SkateboardingNews

‘It’s Crazy To Be That Person': Teen Minna Stess Is Gaining Influence As She Skateboards Toward Paris

by Karen Price

Minna Stess competes during the women's park competition at the 2024 WST event in Rome. (Photo by WST / Bryce Knight)

Minna Stess doesn’t remember the first time she ever stepped foot on a skateboard.


The idea that some people don’t even start until they’re her age — 17 — seems wild to the Petaluma, California, native because it’s something she’s always done. She doesn’t even remember exactly how old she was when she first started competing.


“I honestly don’t know… 4? 5? 6?” said Stess, whose older brother was the first to start in the sport. “It was in Hawaii, and I remember learning to drop in on a really small mini ramp and I just remember dropping in before they said I could go. I dropped in early, that’s all I remember. Dropping in too early and freaking out.”


At 8, Stess was the first girl to win the California Amateur Skateboard League. By 13, she was in an X Games final, and was also named to the first U.S. national team. She’s now the top-ranked skateboarder in the county in women’s park — which takes place within a bowl that contains additional ramps and features to ride — and last fall locked down the bronze for her first world championships medal. If things keep going the way they are, she’ll soon secure a spot at her first Olympic Games in Paris this summer.


“I would love to go to the Olympics,” said Stess, who can take another step toward qualification at the World Skateboarding Tour stop this weekend in Dubai, UAE. “I’m in a pretty good spot now, and getting that bronze (at worlds) makes me even hungrier to make it there. So that’s the goal. Make it there, and hopefully get a medal. That’s another goal.”


Skateboarding debuted at the Olympics in Tokyo three years ago and was an immediate fan favorite. Viewers were thrilled by the tricks, skills and fearlessness of the athletes, but also by their camaraderie with one another.


Since then, Stess said, she’s seen the sport grow, particularly among girls. 


“There are so many more girls at skate parks,” she said. “There used to literally be none. I’d be the only girl there. Everything was fine, but there were just no girls. Now there are girls everywhere, which I think the Olympics helped with. Literally there are children in different countries now doing tricks I never would have thought a girl would be doing, or anyone would be doing.”


Stess will tell you one of the things she’s always loved about skateboarding is that it spans ages and genders. Growing up, she was often skating alongside 50-year-old dads and their kids, she said. But she loves seeing more girls getting into the sport, and serves as an athlete ambassador with the Women’s Sports Foundation to help encourage that growth.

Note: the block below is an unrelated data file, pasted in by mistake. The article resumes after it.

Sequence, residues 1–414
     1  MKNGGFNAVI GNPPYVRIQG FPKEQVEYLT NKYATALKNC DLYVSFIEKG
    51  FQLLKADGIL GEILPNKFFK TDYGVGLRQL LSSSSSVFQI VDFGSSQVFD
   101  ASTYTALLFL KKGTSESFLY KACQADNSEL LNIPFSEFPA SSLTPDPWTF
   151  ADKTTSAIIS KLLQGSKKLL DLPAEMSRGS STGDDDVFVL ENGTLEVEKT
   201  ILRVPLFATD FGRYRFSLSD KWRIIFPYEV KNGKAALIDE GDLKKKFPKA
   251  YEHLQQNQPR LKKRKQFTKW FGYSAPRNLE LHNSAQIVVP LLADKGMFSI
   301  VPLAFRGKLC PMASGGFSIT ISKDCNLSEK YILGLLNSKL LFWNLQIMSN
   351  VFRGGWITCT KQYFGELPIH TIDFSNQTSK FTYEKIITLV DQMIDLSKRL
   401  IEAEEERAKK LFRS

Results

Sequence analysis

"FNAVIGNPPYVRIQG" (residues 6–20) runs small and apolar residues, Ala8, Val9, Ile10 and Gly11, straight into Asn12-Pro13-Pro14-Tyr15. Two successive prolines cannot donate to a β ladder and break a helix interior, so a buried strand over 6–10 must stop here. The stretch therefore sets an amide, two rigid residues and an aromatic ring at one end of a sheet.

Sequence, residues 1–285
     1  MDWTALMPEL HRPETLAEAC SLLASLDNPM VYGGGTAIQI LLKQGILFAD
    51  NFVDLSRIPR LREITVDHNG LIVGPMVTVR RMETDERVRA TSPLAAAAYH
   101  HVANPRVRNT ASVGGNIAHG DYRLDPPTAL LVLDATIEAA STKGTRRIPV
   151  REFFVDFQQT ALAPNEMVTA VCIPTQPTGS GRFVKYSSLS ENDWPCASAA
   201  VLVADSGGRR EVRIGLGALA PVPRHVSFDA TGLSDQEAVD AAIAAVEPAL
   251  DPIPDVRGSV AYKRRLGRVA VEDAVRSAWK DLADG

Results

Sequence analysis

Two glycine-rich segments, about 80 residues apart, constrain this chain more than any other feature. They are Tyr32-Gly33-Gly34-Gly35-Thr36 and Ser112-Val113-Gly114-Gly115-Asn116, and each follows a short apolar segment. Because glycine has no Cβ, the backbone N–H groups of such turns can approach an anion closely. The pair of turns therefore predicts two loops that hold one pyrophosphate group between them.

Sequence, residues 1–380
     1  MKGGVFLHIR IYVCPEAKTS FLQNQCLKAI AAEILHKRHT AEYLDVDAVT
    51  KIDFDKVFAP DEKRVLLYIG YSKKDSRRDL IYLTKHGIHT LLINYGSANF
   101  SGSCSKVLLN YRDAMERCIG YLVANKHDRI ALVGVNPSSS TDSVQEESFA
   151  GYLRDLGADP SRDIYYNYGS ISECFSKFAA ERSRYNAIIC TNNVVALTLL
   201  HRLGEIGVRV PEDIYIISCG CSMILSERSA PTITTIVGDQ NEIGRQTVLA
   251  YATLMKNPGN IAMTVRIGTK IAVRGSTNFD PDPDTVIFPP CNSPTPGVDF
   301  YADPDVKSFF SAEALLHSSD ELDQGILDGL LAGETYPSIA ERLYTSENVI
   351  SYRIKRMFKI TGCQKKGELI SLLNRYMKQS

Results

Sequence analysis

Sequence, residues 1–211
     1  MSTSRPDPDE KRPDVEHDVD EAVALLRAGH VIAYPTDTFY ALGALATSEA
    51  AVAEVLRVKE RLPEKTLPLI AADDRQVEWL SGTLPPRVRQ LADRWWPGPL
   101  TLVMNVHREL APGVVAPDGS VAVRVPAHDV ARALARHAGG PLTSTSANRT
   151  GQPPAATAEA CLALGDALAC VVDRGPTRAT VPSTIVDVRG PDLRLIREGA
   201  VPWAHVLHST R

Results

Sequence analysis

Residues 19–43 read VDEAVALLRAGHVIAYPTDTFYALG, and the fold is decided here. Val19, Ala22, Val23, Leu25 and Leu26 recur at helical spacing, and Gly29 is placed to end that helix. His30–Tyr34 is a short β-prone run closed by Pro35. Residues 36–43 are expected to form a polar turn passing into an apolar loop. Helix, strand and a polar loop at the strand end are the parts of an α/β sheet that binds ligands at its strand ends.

Minna Stess celebrates after the women's park competition at the 2024 WST event in Rome. (Photo by WST / Bryce Knight)

Which she also finds a little hard to believe.


“It’s crazy that I can be that person,” she said. “It’s still weird to think that people would look up to me and care what I have to say. I’m not even an adult yet. I turn 18 this year, so it’s crazy to be able to be that type of person before I’m technically an adult.”


Stess’s influence is only likely to increase along with her success. She recently presented the Wilma Rudolph Courage Award alongside Laila Ali at the Women’s Sports Foundation awards ceremony. 


“That was a crazy experience,” Stess said. “I’d never gone to a gala before, and getting dressed up and meeting Laila Ali was crazy. My dad’s a huge fan of (Laila’s dad) Muhammad Ali; he has a signed boxing glove, and he was freaking out more than I was when I found out who I was presenting with. And I took a selfie with Billie Jean King, that was a proud moment. Seeing so many women at an event like that was really amazing and fun.”


It may have been the first, but likely not the last.


Before last year’s world championships, Stess was ranked 10th in the world. She fell on her first trick of the semifinal, but queued up a tough run in the final and scored a 90.80 to earn her best international competition result to date. Her world ranking is now No. 5.


“Skating is 80 percent mental and falling, basically,” she said. “And I do struggle with mental blocks. I’m always trying to get myself pumped up. But in that contest I just remember being really confident. I wasn’t thinking about falling at all, I was just landing every trick. Everything just felt right.”


Stess’ recent results have her in a strong position to earn a spot on Team USA. Three years ago, she was an alternate for the Olympic Games Tokyo 2020. She had to fill out all the paperwork and be ready to go, but ultimately was stateside for the competition. Since then, she said, she’s grown as an athlete and a competitor.


“I’ve definitely gotten better at putting runs together,” said Stess, who loves the chance to be creative with her runs. “I write them up before the competition never knowing if they’re going to work every time, but if I can create a run with something unique about it that no one else has in their run, my mind gravitates toward that. I also think I’m better at dealing with nerves. They’ve actually gotten a little worse, but I’ve been able to own that and use it. I feel like I’m learning and growing more than I realize.”

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